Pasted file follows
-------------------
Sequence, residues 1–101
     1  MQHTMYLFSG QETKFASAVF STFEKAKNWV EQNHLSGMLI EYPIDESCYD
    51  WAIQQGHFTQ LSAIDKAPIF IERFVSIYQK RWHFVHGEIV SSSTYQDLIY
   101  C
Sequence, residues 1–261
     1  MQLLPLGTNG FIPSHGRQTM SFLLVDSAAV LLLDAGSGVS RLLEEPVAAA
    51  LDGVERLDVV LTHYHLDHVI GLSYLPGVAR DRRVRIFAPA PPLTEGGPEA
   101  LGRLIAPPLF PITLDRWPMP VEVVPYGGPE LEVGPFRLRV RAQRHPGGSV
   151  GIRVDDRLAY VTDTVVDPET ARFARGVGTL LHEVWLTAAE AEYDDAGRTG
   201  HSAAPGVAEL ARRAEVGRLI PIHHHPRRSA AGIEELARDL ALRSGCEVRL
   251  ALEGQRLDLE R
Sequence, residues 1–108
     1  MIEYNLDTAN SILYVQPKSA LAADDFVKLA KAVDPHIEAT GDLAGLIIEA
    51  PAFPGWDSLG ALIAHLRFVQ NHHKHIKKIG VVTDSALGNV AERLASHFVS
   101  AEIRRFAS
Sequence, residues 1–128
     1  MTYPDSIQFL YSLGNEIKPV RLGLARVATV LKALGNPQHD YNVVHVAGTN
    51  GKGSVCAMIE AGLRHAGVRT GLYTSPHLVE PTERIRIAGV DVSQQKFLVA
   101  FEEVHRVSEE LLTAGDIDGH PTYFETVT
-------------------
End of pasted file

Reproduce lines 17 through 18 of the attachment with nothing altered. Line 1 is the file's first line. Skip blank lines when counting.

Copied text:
     1  MTYPDSIQFL YSLGNEIKPV RLGLARVATV LKALGNPQHD YNVVHVAGTN
    51  GKGSVCAMIE AGLRHAGVRT GLYTSPHLVE PTERIRIAGV DVSQQKFLVA